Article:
Film: ‘Hitchcock’ (2012)

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In “Hitchcock,” which recounts the legendary director’s fascination with the subject matter that would become his movie “Psycho,” the adage “Behind every great man there’s a great woman” comes at you like that knife in the iconic shower scene.

Alfred Hitchcock, portrayed by Anthony Hopkins in Sacha Gervasi’s film, turned “great” into a multi-hyphenate vocation. He was massive in girth, with huge appetites – for both foie gras he consumed right out of the can and good-looking blond actresses. And, although he was often reviled and marginalized in Hollywood, he was also exceptional at creating a cinematic vision that would withstand the test of time.

Hopkins’s rendition of the Hitchcock caricature – he has great fun with his character’s fishy pursed lips and quippy line deliveries – provides the comedic sizzle. The steak is the movie’s uncompromised look at a different role – the one played by his professionally talented long-suffering wife and movie-business partner Alma Reville (Helen Mirren) who helped him achieve his elevated status. (In the movie, it’s Alma who suggests her husband kill off Janet Leigh’s Marion Crane 30 minutes into the film.)

“Hitchcock”’s delineation of the characters’ relationships is telling. Astrologically, marriage, which entails commitment, requires as much Saturnine stickiness as Venusian love and affection. Although Alf and Alma’s marriage in the movie seems to inhabit a sex-free friendship-only zone, Hitch projected his sexual fantasies of the ideal woman – Neptune and Venus – onto his young, golden-maned female stars.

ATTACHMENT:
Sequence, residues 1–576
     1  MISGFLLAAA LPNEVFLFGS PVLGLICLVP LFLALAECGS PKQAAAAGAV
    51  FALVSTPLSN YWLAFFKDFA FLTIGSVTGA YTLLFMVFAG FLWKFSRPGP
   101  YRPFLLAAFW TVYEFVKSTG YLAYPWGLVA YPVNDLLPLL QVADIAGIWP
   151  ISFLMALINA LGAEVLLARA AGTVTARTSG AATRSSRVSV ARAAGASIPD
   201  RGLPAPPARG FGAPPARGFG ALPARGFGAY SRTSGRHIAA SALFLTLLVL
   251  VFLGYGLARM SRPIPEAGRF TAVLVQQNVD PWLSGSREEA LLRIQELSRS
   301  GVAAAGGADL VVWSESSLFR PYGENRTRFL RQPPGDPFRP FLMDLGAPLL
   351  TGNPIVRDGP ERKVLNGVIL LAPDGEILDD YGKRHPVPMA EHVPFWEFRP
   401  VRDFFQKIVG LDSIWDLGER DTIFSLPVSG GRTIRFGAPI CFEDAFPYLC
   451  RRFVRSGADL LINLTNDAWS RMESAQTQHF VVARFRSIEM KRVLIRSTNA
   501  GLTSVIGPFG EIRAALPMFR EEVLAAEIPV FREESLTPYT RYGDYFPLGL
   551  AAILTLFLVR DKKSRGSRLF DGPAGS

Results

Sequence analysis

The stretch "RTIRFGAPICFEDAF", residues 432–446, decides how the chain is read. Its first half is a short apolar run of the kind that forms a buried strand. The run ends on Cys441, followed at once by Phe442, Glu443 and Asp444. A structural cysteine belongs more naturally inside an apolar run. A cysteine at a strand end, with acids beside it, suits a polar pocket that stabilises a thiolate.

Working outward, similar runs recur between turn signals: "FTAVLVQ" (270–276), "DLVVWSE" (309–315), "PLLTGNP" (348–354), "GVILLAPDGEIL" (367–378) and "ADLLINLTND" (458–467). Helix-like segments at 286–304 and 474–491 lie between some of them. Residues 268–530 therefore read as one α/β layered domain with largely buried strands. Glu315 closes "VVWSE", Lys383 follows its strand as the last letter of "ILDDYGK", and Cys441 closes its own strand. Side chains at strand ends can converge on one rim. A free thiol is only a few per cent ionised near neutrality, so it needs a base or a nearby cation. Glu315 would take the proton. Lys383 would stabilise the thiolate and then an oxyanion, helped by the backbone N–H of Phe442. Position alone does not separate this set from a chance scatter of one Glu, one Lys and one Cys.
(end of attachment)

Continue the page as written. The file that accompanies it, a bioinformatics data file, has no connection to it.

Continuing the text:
As for those the actresses who worked under Hitch, Janet Leigh (Scarlett Johansson) is shown to have remained likably cool (Saturn) to her director’s innuendos. On the other hand, Vera Miles (Jessica Biel) incurred Hitch’s wrath when she chose to use her feminine side as a mother (Moon), thereby bringing to a dead halt Hitch’s momentum to turn her into a big star.

That leaves Alma. Her Saturnine non-nonsense approach to their collegial marriage also contains a hefty dose of the Lunar. Like the Good Mother, she’s true to her name (which means “loving and nurturing” in Latin) by pandering to the childish whims of her man. Nevertheless, Hitch spends a good portion of the movie suspecting she’s having an affair with one of her male friends whose work she’s helping revise.

Alma gets her acknowledgment in the end. But sharing his limelight was no picnic. After all, the movie is titled, simply, “Hitchcock.”

Rating: ♀♄ and ♀♆ (Venus/Saturn and Venus/Neptune)

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